Yes, but: Last March, even the sunniest optimists didn’t expect the U.S. to have a vaccine by now.
- They certainly didn’t anticipate that over 300 million shots would already be in arms worldwide, and they didn’t think the eventual vaccines, whenever they arrived, would be anywhere near as effective as these shots turned out to be.
Where it stands: President Biden has said every American adult who wants a vaccine will be able to get one by the end of May, and the country is on track to meet that target.
- The U.S. is administering over 2 million shots per day, on average. Roughly 25% of the adult population has gotten at least one shot.
- The federal government has purchased more doses than this country will be able to use: 300 million from Pfizer, 300 million from Moderna and 200 million from Johnson & Johnson.
- The Pfizer and Moderna orders alone would be more than enough to fully vaccinate every American adult. (The vaccines aren’t yet authorized for use in children.)
Yes, millions of Americans are still anxiously awaiting their first shot — and navigating signup websites that are often frustrating and awful.
- But the supply of available vaccines is expected to surge this month, and the companies say the bulk of those doses should be available by the end of May.
- Cases, hospitalizations and deaths are all falling sharply at the same time vaccinations are ramping up.
The bottom line: Measured in death, loss, isolation and financial ruin, one year has felt like an eternity. Measured as the time between the declaration of a pandemic and vaccinating 60 million Americans, one year is an instant.
- The virus hasn’t been defeated, and may never fully go away. Getting back to “normal” will be a moving target. Nothing’s over yet. But the end of the worst of it — the long, brutal nightmare of death and suffering — is getting close.
The House on Wednesday passed the mammoth $1.9 trillion COVID-19 relief package, which President Biden is expected to sign Friday.
The House approved the relief package in a starkly partisan 220-211 vote, sending the legislation to the White House and clinching Democrats’ first big legislative victory in the Biden era. No Republicans voted for the package and all but one House Democrat—Rep. Jared Golden of Maine—supported it. The Hill’s Cristina Marcos has more here.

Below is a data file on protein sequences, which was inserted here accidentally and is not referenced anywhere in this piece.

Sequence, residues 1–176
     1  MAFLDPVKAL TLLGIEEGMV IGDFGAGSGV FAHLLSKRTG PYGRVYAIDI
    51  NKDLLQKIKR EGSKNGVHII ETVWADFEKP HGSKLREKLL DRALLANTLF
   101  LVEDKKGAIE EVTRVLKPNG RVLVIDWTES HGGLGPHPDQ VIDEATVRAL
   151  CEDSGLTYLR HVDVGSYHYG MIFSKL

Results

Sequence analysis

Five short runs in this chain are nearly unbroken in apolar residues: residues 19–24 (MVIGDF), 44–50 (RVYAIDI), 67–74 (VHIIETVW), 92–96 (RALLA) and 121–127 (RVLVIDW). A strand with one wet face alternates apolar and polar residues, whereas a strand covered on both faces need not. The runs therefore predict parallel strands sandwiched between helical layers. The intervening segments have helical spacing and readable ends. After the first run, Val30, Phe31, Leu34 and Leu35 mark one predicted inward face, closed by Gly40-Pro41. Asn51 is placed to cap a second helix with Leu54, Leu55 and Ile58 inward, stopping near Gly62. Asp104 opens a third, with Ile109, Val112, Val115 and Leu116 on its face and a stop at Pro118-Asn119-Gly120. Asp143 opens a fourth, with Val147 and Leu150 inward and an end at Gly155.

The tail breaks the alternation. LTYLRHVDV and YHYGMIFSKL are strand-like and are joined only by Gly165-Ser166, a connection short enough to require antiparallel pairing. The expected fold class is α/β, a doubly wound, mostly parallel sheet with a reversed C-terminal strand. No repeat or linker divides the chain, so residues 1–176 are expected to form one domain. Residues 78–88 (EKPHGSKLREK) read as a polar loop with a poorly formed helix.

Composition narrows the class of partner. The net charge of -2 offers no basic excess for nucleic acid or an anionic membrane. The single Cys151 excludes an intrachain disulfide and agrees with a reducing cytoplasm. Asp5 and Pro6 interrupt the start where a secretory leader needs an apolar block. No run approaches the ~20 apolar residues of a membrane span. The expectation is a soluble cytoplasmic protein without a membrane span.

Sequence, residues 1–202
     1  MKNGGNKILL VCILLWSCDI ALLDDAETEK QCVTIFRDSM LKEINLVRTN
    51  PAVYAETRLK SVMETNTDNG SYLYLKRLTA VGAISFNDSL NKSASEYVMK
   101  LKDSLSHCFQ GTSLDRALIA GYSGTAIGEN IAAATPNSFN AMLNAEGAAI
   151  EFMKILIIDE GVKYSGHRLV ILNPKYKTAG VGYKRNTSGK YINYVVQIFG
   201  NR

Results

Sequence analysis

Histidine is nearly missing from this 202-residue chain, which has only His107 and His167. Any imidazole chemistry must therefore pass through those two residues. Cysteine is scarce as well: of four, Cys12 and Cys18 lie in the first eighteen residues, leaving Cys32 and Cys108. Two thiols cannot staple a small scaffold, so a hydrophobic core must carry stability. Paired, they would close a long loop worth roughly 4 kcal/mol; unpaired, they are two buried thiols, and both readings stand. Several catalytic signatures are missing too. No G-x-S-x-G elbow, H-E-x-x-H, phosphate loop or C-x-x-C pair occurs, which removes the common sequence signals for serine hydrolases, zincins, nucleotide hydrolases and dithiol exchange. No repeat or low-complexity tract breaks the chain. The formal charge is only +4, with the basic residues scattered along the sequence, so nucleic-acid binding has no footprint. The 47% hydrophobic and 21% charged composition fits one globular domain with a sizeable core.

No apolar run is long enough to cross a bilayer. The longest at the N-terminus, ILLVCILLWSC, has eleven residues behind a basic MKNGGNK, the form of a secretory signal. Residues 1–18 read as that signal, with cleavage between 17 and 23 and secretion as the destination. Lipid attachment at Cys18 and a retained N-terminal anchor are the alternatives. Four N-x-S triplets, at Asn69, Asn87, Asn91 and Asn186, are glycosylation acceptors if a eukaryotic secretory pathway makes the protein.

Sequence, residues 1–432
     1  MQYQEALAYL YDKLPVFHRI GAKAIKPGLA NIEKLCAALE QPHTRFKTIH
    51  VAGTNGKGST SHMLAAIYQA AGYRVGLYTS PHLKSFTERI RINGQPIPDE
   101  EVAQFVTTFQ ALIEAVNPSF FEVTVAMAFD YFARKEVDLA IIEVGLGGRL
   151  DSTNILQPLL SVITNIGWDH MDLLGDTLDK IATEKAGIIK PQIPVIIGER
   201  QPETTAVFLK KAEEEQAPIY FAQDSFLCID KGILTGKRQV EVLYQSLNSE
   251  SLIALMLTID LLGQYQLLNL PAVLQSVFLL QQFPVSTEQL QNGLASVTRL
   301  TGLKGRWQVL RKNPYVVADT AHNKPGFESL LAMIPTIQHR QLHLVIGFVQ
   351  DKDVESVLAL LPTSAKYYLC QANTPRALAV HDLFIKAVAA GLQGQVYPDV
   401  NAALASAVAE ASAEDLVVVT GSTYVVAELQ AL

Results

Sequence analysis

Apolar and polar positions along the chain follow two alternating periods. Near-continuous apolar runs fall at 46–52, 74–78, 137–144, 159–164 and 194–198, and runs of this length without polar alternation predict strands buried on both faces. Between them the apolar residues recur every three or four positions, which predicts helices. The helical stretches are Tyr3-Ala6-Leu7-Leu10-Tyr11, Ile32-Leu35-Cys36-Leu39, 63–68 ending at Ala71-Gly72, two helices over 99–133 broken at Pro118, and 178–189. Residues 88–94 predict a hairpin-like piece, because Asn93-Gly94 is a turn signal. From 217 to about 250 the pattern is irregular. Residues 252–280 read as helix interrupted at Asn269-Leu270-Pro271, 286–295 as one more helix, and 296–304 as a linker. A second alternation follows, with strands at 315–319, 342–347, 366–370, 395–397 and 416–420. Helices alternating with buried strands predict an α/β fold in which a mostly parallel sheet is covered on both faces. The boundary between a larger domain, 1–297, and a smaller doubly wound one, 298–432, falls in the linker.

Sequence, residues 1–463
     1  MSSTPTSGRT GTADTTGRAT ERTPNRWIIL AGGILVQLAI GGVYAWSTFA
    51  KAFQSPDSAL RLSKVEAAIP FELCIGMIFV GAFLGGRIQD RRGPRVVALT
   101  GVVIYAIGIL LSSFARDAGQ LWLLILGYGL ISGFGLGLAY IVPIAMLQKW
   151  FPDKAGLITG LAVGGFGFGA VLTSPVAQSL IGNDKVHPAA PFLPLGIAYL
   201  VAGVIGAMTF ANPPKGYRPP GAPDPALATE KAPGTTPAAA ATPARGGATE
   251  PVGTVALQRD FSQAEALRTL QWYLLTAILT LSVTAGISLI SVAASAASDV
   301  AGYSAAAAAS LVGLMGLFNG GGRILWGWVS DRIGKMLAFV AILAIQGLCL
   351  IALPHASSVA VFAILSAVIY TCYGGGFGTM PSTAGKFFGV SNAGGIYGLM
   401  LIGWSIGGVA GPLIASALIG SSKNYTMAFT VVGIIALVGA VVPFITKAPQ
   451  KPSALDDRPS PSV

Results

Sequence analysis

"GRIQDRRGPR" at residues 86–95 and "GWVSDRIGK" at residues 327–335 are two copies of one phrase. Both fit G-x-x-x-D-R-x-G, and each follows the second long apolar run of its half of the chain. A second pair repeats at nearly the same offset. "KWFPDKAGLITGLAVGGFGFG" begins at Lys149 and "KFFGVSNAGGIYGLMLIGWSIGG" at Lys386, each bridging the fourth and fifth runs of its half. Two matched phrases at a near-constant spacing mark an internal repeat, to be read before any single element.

The political split: Unlike the previous relief measures enacted last year, Democrats barely bothered to negotiate with Republicans and pushed the relief package through Congress along party lines using the budget reconciliation process. That allowed them to go as big as they wanted to go without running into a Senate GOP filibuster.
- Republicans argue the use of a process dodging the filibuster shows Biden wasn’t serious about bringing unity, and House GOP lawmakers on Wednesday warned of the bill’s total cost.
- But Democrats think Republicans will pay for their opposition to the popular bill and argued that they would oppose anything Biden proposed.
What’s in the $1.9T COVID-19 relief package: Along with $1,400 direct payments to households, an extension of expanded unemployment benefits, and aid for state and local governments, the package is loaded with other provisions intended to speed up the recovery from the recession and help struggling families fight the impact of COVID-19.
- Tax credits: The bill increases the child tax credit for households below certain income thresholds for 2021 and makes it fully refundable, and also expands the earned income tax credit for the year.
- Child care: $15 billion for grants to help low-income families afford child care and increases the child and dependent care tax credit for one year.
- Pensions: $86 billion to bailout struggling union pension funds.
- Transportation: $30 billion to bolster local subway and bus systems, $8 billion for airports, $1.5 billion for furloughed Amtrak workers, and $3 billion for wages at aerospace companies.
- Housing: $27.4 billion in emergency rental assistance, another $10 billion to help homeowners avoid foreclosure, $5 billion in vouchers for public housing, $5 billion to tackle homelessness and $5 billion more to help households cover utility bills.